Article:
Authors assume the MARKET is to blame for their own book’s failure; or perhaps it’s these crazy “hackers” who are impossibly cranking out a book or two a month, when the truth is, it’s not actually that hard to compete if you’re writing better content than what’s out there (and by “better” I mean fun, easy to read stories: it’s a mistake to assume the market wants the literary novel you spent a decade polishing, or that it’s higher quality even if nobody appreciates it).
Most people also assume, the value is increased by the time and effort put in: so books that were harder to write are worth more; and this isn’t true.
I’ve read quick-release authors who write crap and publish quickly… and even if it feels like a light sketch of a real story, without all the details fleshed out, they hit the right scenes: for example, the hot-and-heavy steamy scenes, which are the actually selling feature of the book (all that plot backstory was just the premise to get to these emotionally-charged sex scenes, so readers don’t mind if it’s a skimpy scaffolding to hold a few pages of juicy content.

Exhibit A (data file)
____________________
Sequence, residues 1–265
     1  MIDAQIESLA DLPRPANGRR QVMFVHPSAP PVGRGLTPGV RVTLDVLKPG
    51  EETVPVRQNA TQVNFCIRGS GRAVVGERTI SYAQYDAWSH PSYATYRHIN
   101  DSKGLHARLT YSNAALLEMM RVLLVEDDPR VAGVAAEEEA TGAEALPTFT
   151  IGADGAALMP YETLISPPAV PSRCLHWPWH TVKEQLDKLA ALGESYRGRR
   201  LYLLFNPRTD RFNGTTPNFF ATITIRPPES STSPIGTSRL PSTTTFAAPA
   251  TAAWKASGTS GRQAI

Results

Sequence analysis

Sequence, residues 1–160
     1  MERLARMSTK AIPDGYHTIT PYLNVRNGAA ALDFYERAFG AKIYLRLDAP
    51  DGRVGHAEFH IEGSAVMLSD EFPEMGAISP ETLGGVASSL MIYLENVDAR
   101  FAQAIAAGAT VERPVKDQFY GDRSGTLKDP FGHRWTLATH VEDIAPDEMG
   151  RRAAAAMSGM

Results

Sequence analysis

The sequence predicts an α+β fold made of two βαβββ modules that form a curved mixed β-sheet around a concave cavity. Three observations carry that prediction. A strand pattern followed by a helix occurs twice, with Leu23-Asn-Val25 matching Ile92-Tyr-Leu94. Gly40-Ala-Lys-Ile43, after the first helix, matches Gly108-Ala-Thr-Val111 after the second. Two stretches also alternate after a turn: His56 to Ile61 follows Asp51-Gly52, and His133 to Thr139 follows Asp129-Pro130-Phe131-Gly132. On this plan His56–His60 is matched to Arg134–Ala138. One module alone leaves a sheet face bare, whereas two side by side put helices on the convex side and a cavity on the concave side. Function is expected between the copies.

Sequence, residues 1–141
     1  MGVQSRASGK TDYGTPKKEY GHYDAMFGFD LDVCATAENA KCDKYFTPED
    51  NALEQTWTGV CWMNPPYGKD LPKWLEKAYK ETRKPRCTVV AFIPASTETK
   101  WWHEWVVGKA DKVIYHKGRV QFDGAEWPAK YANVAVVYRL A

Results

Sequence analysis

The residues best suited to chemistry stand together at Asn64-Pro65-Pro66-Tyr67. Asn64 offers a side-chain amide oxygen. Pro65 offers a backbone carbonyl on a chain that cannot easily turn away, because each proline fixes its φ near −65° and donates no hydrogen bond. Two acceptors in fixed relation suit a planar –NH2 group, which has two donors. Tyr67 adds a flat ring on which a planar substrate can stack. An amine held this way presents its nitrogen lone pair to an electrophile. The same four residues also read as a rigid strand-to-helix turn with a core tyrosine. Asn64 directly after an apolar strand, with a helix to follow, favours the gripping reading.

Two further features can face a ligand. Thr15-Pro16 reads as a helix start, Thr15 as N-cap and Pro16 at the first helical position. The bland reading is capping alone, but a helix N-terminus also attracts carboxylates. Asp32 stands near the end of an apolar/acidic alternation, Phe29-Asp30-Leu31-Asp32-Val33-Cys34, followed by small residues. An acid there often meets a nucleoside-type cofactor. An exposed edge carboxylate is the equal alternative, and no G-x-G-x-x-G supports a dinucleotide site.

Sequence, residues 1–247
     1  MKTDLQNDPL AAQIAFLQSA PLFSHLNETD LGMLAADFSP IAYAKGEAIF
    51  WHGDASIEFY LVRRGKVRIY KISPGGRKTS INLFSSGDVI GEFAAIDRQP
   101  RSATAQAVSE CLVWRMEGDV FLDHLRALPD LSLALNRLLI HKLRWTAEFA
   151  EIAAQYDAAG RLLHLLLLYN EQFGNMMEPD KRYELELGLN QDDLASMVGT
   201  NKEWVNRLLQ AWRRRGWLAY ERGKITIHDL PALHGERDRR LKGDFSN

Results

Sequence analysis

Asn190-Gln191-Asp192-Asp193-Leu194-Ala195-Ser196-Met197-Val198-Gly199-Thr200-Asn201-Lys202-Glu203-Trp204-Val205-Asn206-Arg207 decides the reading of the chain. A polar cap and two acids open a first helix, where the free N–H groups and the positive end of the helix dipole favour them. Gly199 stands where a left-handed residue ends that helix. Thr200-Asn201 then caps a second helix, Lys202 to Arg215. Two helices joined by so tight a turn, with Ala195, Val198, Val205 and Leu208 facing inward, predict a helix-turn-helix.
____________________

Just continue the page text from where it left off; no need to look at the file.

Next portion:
I’ve also read quick-release authors who are really good. Their setup and story-telling is powerful and immediate, I’m sucked into the conflict.
My point is, the value of your work is based on what readers want and are willing to pay for. There’s nothing wrong with creating content to satisfy a certain audience, and if you’re capable of doing it, the only limit to your income is your own output and productivity. It’s not that hard to write 2000 words a day, in less than three hours of work. In theory, I can be maintaining that long term, while also spending another 3 hours on editing a rough draft, designing covers or managing my marketing. That’s six hours of work – less than a full-time job – to become a full time writer. Of course, it only works if your books are making money.
In practice, I haven’t been able to keep this kind of schedule, even though I think it’s possible and it’s something to shoot for, I get distracted or demotivated, or focus on other kinds of business or income because…